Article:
A ripple? by Magz Makiolla


A Ripple? by Magz Makiolla

The light from the landing, cast shadows along the wall, which danced eerily in the headlights of every passing car. He lay with his head gently cradled in the soft pillows, duvet pulled up to his chin, fear holding him rigid.

He cursed his decision to dawdle with his supper, had it not been for him wanting to stay up, he would not now find himself in this situation. Swallowing hard he pulled the duvet up over his head, but in doing so the bed started to rock and roll, as a ship on the high seas.

Swiftly pulling back the duvet, the motion stopped, but the shadows still played, dancing and chasing almost taunting him. Sitting up he looked over the side of the bed. Gingerly he touched his tip-toe onto the dark carpet. His big toe disappeared through its surface, swirls rippled from his toe. Another car passed its light reflected off the waters swirling surface. A shadow circled his foot from deep down in the depths. Pulling his foot back hastily, he shuddered with fear.

He peered hesitantly over the beds edge again, staring down at the unassuming blue carpet, no longer seeing the circling shadow deep in the rippling depths, but knowing that any attempt to step on that carpet and water would return, swirling and whirling, pulling him down into the waiting jaws.

The late film his mum had been watching hadn’t seemed that scary at the time and dawdling with his super had seemed like at good idea; he didn’t want to miss anything. Everyone else was still awake watching, he too had wanted to the end. After all he was nearly ten now and a film about a shark had seem cool to him. But now alone in his room, in the dark with scary pictures running through his mind about sharks circling his bed, just waiting to attack, he was wishing now that he had just given to sleep and gone to bed.

If he could get to the light switch he was sure that the monster lurking in the shadowy depths would disappear. But how could he get there safely, it was at least twelve steps to the light switch. He knew if he wanted to escape the monster he had to face his fears; he had to get up and get to that switch, putting the light on would end his torment.

Sitting up and edging the side on his bed he glanced down, he saw his blue carpet in the passing headlights. Wishing that the carpet would stay as he placed his feet down on it, but feeling the icy water encircling his feet as they came down where the carpet had been just seconds before.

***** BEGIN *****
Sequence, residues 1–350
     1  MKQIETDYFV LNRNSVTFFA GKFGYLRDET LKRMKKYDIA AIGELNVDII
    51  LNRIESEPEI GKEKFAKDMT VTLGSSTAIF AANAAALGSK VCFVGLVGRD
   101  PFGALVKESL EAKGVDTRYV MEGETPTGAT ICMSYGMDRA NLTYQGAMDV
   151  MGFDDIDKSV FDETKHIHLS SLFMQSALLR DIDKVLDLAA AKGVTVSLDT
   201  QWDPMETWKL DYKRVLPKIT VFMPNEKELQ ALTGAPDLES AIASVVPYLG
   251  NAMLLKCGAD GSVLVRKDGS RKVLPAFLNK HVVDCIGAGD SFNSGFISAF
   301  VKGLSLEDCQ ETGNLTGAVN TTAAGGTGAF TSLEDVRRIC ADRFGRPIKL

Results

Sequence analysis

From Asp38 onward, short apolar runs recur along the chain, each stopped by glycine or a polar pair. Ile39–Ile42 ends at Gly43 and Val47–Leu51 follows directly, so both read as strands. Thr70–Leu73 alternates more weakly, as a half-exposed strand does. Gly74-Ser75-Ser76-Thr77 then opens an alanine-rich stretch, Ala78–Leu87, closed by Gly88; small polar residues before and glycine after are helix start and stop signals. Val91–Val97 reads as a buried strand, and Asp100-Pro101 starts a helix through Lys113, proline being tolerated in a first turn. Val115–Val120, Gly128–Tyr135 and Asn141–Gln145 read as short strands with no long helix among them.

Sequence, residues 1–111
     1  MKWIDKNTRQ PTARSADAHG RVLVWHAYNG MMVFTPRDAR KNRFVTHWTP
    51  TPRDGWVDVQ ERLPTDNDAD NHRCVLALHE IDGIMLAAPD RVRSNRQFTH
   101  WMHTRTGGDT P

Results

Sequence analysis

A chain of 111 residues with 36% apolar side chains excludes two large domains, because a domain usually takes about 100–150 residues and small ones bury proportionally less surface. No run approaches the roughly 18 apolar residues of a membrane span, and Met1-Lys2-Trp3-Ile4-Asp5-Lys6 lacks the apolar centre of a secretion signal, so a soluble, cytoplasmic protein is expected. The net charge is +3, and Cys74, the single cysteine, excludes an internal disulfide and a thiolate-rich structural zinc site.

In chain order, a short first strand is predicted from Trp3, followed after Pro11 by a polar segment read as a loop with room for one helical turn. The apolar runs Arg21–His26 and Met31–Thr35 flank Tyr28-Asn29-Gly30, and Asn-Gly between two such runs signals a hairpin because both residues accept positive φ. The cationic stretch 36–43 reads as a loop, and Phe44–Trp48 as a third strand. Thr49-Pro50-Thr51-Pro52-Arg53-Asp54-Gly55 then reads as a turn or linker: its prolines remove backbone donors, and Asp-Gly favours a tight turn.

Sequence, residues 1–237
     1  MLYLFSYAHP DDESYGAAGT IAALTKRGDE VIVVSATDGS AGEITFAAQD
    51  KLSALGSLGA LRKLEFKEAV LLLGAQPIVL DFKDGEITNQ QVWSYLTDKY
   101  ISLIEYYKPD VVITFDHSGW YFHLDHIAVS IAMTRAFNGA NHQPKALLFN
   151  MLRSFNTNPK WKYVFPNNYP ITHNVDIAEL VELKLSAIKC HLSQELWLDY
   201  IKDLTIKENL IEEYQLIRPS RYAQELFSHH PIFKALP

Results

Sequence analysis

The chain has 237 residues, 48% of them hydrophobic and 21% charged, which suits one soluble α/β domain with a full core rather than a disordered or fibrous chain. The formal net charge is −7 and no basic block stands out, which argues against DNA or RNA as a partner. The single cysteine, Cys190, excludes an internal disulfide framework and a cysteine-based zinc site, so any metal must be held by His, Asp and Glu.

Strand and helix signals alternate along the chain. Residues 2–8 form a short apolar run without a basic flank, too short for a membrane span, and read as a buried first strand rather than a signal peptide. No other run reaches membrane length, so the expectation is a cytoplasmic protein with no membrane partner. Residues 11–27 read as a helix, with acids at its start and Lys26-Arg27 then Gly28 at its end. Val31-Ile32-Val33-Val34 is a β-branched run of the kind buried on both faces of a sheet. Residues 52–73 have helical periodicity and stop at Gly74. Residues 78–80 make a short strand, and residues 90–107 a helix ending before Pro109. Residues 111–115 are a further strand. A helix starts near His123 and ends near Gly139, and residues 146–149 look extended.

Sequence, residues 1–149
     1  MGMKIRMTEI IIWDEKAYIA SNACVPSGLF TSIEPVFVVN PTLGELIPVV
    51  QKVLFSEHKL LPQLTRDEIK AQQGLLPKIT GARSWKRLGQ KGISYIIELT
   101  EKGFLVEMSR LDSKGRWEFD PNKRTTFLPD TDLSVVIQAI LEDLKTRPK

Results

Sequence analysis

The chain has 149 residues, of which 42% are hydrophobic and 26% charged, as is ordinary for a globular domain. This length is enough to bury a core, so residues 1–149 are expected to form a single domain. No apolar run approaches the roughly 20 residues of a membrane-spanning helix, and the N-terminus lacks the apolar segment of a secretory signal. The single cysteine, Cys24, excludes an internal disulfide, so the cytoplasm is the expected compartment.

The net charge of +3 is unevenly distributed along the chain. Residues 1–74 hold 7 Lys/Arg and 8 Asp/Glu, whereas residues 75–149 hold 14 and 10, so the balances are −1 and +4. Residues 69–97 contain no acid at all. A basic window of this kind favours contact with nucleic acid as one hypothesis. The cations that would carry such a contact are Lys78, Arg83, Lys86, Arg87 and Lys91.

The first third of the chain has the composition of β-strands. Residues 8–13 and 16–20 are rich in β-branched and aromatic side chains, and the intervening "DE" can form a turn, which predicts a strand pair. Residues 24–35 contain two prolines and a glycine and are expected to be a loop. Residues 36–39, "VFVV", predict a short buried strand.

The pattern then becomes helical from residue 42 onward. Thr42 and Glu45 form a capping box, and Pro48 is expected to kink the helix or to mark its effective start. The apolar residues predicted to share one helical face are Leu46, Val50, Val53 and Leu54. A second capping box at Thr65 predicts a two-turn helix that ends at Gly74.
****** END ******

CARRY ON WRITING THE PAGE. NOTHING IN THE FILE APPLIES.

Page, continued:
He pulled his feet back sharply, panic racing through his mind; he would be struck with the monster all night if he couldn’t get to the switch.

Suddenly it was like a light bulb going off in his head, he ripped the duvet and pillows from his bed and threw them on to the floor, then pushing his fear down deep inside himself he eased on to his feet, feeling the bedding becoming soggy under his feet and fighting the urge to jump back to the safety of his bed, he pushed on water slowly starting to spill onto his feet, just a few more steps, then light would flood into the room.

It was coming; he could see its long dark shadow gliding towards him, its fin just starting to peak through the icy water, he was inches away his hand reached out for the switch, its open mouth, teeth showing was almost upon him.

Warm yellow light flooded into the room, the shadows on the walls disappeared, the pale blue carpet returned, his bedding was no longer wet. And the circling monster was no more.

The lights would stay on tonight.

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2 thoughts on “A ripple? by Magz Makiolla

  1. Perhaps the ending could have some explanation to match the dream? Eg; ‘The bathtap had been left running and flooded his bedroom’. It has a really nice sense of suspence to the story – most enjoyable. Michael Healy
    Sent using BlackBerry® from Orange

  2. I like this story. It captures the reality of irrational childhood fears very well. I can still recall experiencing similar fears after being taken to see the Mummy and The Fly. That was back in the days of black and white films. That same night as I lay in the dark with the bedclothes up round my chin, I could clearly see Boris Karloff trying to break through my bedroom window. Nothing would have persuaded me to get out of my bed and go and put on the light. I don’t recall how I got through that terrifying night. Perhaps I just fell asleep through sheer nervous exhaustion.

    I particularly like paragraph 10. Even today I always experience a sense of fear whenever I look into deep dark water. I am quite happy to splash about in clear water, where I can see whatever is beneath my feet; but put me in murky water and I immediately begin to wonder what might be lurking below me.

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